January 16, 2008

Cow Cow Cow Cow: FDA Approves Cloning Livestock and the Fear Begins

The FDA yesterday issued its conclusion as to whether to permit the cloning of livestock whose offspring will enter the US food supply. It has found that products obtained from cows, pigs and goats whose parents were produced in this manner are identical to those from animals reproduced by means already in use. The release announcing the decision is available on the Food and Drug Administration's website.

The decision comes in the wake of a long and heated debate that has taken place over the last couple of years. There seem to be three major arguments being raised by those who oppose cloning. All three of these are based on insufficient premises. For ease of analysis, I'll note these objections as religion, pseudoscience and ecology, respectively. This is admittedly a somewhat artificial division used for convenience; many of those who object in fact blend them into a single objection or else use all three.

The Religious Objection
This objection is typified by a comment on story in Business Week on the matter:

Cloning is upsetting the balance of nature.....although cloned meat may be scientifically proven to be safe to be consumed, it is still against the law of nature.

— lionelx

Even more explicit is this comment on the same story:
Here we go against the taboos of Islam just when Mr. Bush has just collected a big cheque from the Muslim countries today, 15th January, 2008...

— Firozali A Mulla

Mulla's comment references a particular religion and lionelx's is a more general "law of nature" argument, but they're essentially the same. Both of these objections are based on the belief that there exists some supernatural set of rules that governs what we can and can't eat. This fails immediately on the fact that if such a set of laws existed, it shouldn't be possible to clone the animals in the first place. The first comment is particularly clear on the religious point of view; given that the products are perfectly safe, the very act of cloning livestock "is upsetting the balance of nature." Apparently, the domestication of animals by untold generation of selective husbandry doesn't do this. What the distinction is in reference to the "balance of nature" isn't made clear, but the fact is that raising an artificially maintained large population of one kind of animal in an area that couldn't support that population without significant human intervention is already an exceptionally unnatural situation. Why the method by which those animals reproduce should have more of an impact than the situation already has upon the natural world eludes me. Perhaps someone could explain why cloning has such a profound impact upon the "balance of nature." Breeding stock is already selected on the basis of desirable traits. Cloning speeds up the process that has been in place for thousands of years.

As far as I can tell, this objection is one made from personal belief alone. It's an insufficient reason not to allow the cloning of livestock.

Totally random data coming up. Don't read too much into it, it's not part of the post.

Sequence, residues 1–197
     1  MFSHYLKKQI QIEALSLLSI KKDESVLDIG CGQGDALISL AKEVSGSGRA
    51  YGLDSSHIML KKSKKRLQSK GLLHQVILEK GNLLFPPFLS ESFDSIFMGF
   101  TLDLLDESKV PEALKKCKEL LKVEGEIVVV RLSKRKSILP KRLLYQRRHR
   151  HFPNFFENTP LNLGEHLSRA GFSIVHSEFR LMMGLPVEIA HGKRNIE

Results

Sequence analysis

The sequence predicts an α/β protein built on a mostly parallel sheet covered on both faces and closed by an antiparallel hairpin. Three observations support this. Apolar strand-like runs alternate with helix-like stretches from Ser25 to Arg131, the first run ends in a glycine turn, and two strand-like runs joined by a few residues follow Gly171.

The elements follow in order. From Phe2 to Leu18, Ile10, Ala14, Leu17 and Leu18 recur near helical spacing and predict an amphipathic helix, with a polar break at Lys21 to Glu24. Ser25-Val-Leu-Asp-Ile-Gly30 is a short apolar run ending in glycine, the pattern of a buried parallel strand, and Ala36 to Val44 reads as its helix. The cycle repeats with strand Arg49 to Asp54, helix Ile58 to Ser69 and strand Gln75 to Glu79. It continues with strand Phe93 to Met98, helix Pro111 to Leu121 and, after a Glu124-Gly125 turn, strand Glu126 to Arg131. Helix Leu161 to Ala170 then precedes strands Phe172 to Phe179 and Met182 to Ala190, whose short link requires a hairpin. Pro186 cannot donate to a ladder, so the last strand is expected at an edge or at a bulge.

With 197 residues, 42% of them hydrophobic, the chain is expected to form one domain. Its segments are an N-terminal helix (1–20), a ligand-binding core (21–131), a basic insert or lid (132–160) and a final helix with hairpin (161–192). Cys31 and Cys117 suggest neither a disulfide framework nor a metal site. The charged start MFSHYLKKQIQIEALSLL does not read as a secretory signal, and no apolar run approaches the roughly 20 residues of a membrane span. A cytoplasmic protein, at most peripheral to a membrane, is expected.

The Pseudoscience Objection
A comment to the above story typifies this argument well:
Given what we know and don't know about biological proteins and how "prions" can adversely influence the reproduction of cells, who is to say our future generations won't be altered for the worse, and that the changes are so subtle and gradual that they won't manifest themselves until 2 or 3 generations later!? I am really scared. Then it may be too late and we may have altered the human race forever. Think of the Chernobyl area.

— Joey

I saw another comment on a separate story say essentially the same thing about fatty acids that Joey says about prions here but can't track it down right now.

Let's assume for the moment, based on Joey's argument, that the reason that we find prion diseases in cattle (e.g., mad cow disease) has a genetic basis. That's somewhat up in the air at the moment, by the way. There appear to be several families of prion diseases in the world and nobody knows how they're transmitted aside from the consumption of contaminated tissues. The most recent outbreak of mad cow disease in the UK, for example, appears to have been initiated when a new processing technique was used to render nervous tissues from sheep into protein meal that used a lower temperature than the previous technique and the prion proteins weren't denatured; what was mad cow disease in British cattle probably started as scrapie in sheep. This interesting bit of trivia aside, there's absolutely no reason to think that cloned animals are more likely to harbor prions than are those raised by current methods. Prions are themselves nothing more than proteins with an abnormal conformation. The twisting of the polypeptide can be the result of a genetic abnormality, but in most cases it takes place when a normal protein comes into contact with a prion. The mechanism by which this happens is not yet understood, but to make the leap to the idea that it becomes more likely because an animal has been cloned is one that isn't supported by anything we know. I find it very unlikely, in any case, that an animal from a lineage that includes a disproportionate number of individuals that have been affected by a prion disease would be chosen for cloning in the first place. The point of this technology, after all, is to speed up the propagation of desirable traits. Vulnerability to any disease will be selected against — exactly as it is in traditional husbandry.